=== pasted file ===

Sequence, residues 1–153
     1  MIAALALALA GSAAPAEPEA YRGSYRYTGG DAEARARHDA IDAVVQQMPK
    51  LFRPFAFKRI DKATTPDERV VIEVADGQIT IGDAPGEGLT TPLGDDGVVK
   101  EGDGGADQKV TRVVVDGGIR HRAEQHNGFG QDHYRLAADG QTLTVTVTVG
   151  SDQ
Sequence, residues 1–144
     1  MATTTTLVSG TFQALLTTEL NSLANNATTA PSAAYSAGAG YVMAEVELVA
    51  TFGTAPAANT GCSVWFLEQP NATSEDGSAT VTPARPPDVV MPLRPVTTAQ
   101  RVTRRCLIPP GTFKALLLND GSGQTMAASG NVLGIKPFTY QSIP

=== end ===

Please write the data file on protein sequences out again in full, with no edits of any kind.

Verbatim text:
Sequence, residues 1–153
     1  MIAALALALA GSAAPAEPEA YRGSYRYTGG DAEARARHDA IDAVVQQMPK
    51  LFRPFAFKRI DKATTPDERV VIEVADGQIT IGDAPGEGLT TPLGDDGVVK
   101  EGDGGADQKV TRVVVDGGIR HRAEQHNGFG QDHYRLAADG QTLTVTVTVG
   151  SDQ
Sequence, residues 1–144
     1  MATTTTLVSG TFQALLTTEL NSLANNATTA PSAAYSAGAG YVMAEVELVA
    51  TFGTAPAANT GCSVWFLEQP NATSEDGSAT VTPARPPDVV MPLRPVTTAQ
   101  RVTRRCLIPP GTFKALLLND GSGQTMAASG NVLGIKPFTY QSIP